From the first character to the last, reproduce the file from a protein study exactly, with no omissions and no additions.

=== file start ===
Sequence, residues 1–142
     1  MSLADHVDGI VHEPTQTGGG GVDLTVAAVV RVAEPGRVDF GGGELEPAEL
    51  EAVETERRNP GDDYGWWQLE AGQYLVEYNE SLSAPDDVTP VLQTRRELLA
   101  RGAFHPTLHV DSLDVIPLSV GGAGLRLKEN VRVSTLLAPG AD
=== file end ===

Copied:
Sequence, residues 1–142
     1  MSLADHVDGI VHEPTQTGGG GVDLTVAAVV RVAEPGRVDF GGGELEPAEL
    51  EAVETERRNP GDDYGWWQLE AGQYLVEYNE SLSAPDDVTP VLQTRRELLA
   101  RGAFHPTLHV DSLDVIPLSV GGAGLRLKEN VRVSTLLAPG AD